I must admit I am split on the zombie tower. The randomness it brings to the game isn’t a huge factor as the game revolves around flicking. It is just stacking randomness on randomness. Therefore, it isn’t like this is a new introduction of luck that spoils the game. In fact, the way players are unsure of the outcome of the zombie tower adds some excitement. The issue is this excitement can be overshadowed by the occasional fiddly-ness of placing the tower in the right place on the map. It is constructed in a way that it fits over a lot of the in-game objects. Alas, when there are some close together it is like moving a bull through a china shop… something will get knocked over.
As with every zombie game there is a constant flow of new zombies that enter play as the rounds progress. At the end of each turn players rotate the backpacks of the characters. Once all have been rotated the round ends. Depending on if it becomes night or day a different amount of zombies spawn, based upon the scenario. This builds the game up against players that makes situations go one of two ways. There is sometimes a lacklustre, anti-climax to scenarios that have been built up before being easily won. On the other hand there can be a huge sense of relief if you just make it.
The range of objects and buildings help turn any surface from a table or floor into a zombie apocalypse. Scattering crates and barrels amongst locations such as a hospital, a gas station and a trusty RV all work to make the theme come together. This is something special for a game which has no game board of any kind to drive the setting. Getting the right surface to play on isn’t entirely key but there is a noticeable difference when playing on different tables. Often a wooden/laminate floor can be the best bet as then fired bullets or movement tokens cant be sent flying off a table sending players scrabbling to the floor, as they are already there!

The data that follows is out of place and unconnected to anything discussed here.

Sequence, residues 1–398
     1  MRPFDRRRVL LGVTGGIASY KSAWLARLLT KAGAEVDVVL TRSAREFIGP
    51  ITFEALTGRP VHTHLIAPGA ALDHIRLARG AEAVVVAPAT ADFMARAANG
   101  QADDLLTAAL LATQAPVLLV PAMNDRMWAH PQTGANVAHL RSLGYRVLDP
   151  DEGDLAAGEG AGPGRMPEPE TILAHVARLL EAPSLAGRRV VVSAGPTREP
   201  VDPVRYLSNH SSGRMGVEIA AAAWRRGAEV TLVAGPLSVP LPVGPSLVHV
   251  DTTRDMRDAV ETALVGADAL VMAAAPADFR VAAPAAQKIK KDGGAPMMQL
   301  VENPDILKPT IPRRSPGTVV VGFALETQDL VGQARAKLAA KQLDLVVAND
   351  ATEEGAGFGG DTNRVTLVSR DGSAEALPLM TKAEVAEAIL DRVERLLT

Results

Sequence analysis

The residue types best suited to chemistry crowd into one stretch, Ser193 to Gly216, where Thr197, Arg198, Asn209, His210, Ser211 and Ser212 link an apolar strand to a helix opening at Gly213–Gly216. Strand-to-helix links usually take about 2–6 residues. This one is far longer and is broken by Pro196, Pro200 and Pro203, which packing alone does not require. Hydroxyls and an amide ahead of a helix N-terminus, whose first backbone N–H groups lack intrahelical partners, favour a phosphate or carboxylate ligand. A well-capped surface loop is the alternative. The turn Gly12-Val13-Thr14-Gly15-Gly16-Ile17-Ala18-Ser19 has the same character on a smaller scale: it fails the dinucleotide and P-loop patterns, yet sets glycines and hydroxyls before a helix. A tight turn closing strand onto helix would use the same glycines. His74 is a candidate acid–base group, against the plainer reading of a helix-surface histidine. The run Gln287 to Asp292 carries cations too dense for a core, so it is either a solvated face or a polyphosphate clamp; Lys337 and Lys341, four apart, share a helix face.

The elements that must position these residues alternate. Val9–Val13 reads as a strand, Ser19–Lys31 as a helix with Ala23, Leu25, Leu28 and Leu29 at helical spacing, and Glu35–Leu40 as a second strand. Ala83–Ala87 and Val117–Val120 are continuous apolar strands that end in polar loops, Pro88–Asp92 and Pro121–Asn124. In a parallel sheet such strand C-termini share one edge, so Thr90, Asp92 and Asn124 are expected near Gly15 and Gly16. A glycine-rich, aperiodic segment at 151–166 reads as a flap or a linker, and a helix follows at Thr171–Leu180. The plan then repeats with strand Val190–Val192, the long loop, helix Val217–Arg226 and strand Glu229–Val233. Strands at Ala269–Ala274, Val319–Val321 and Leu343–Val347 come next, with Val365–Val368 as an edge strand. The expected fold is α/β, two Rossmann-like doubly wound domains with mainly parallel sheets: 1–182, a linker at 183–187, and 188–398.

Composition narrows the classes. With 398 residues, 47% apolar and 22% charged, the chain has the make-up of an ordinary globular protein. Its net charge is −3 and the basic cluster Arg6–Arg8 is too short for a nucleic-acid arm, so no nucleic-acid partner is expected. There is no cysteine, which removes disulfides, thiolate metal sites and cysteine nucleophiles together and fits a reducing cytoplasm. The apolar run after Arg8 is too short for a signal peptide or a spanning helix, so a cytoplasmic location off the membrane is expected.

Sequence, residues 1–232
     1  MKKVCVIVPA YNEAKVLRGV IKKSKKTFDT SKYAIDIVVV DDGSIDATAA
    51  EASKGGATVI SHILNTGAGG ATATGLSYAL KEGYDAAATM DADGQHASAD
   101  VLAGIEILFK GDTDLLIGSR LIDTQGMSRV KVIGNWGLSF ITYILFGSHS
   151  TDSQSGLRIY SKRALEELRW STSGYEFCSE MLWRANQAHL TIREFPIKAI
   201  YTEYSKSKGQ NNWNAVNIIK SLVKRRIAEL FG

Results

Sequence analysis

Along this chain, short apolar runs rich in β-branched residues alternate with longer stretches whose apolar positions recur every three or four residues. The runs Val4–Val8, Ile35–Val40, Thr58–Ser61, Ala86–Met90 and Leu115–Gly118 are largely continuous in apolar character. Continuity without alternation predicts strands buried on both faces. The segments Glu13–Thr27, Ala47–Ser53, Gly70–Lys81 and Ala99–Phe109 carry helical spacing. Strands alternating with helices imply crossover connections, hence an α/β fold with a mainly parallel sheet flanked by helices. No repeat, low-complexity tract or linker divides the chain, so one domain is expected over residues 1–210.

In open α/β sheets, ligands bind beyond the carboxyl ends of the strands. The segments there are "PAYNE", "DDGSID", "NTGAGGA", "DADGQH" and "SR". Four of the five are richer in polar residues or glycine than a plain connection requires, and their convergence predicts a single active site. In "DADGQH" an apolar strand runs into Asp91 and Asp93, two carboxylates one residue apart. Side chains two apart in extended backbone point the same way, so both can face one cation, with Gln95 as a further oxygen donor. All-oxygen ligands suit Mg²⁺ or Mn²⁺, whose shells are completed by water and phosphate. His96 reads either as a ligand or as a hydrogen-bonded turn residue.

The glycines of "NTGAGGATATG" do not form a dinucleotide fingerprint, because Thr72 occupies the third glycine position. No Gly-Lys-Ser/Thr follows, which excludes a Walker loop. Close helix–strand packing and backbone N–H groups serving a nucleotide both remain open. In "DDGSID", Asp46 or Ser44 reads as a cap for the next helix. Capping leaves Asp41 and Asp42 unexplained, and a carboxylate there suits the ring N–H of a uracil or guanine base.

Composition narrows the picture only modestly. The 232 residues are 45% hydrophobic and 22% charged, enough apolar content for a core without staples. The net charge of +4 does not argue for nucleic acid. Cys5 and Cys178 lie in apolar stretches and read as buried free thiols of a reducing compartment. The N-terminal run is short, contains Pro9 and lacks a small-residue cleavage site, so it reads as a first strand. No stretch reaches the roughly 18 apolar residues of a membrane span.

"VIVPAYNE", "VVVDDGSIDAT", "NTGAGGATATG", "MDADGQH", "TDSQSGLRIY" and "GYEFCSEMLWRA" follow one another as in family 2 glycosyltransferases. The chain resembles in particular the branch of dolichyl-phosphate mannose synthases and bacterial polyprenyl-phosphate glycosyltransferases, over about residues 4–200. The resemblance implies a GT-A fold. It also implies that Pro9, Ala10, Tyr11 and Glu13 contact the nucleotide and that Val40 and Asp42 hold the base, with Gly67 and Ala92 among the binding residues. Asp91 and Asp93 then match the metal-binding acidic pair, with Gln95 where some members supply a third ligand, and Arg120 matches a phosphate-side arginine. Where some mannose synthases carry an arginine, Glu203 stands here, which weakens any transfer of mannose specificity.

A total of 10 scenarios are included in the rulebook. These give some structure for new players to work through adding new rules or special rules to mix things up. As a player new to the Flick ‘em Up series these where great to work through and having that structure of objectives with narrative to add some flare to the scenarios worked great to get players into the game. It is also nice to see the content used in different ways to construct missions.
This is a style of game that players can comfortably design their own content. The rule book even suggests taking the teams ideas and tweaking them to create completely new rescue attempts, object collection or simple survival missions. Even without coming up with new missions simply playing the same ones again can lead to massively different outcomes. All it takes is a well-placed shotgun blast or a missed knife throw to complete change the dynamic of the mission. Will you be on the back-foot from the beginning or will you be able to successful clear a path through the undead? Well, you’ll have to put your flicking to the test!
Flick ‘em Up!: Dead of Winter is fun to play. There is no doubt of that. However, it is heavily let down by the setup and teardown time, which combined can almost be as long as the shorter missions. If these elements were faster the constant moving around the table and zombie turns wouldn’t be an issue. Even the zombie tower knocking things over would be a forgettable issue, even if it is the same lamppost for the 5th time in 5 turns… This is a game I want to enjoy as it is unique in many ways: it just takes too long to get onto the table, even when the box is there waiting. A game based on flicking should be quick and simple. Flick ‘em Up!: Dead of Winter doesn’t really tick either dexterity box for me.
[Editor’s Note: Flick ‘em Up!: Dead of Winter was provided to us by Esdevium Games for review purposes. The game is currently available on 365 Games for £47.99. It is also available from local UK board game stores, find your local store here]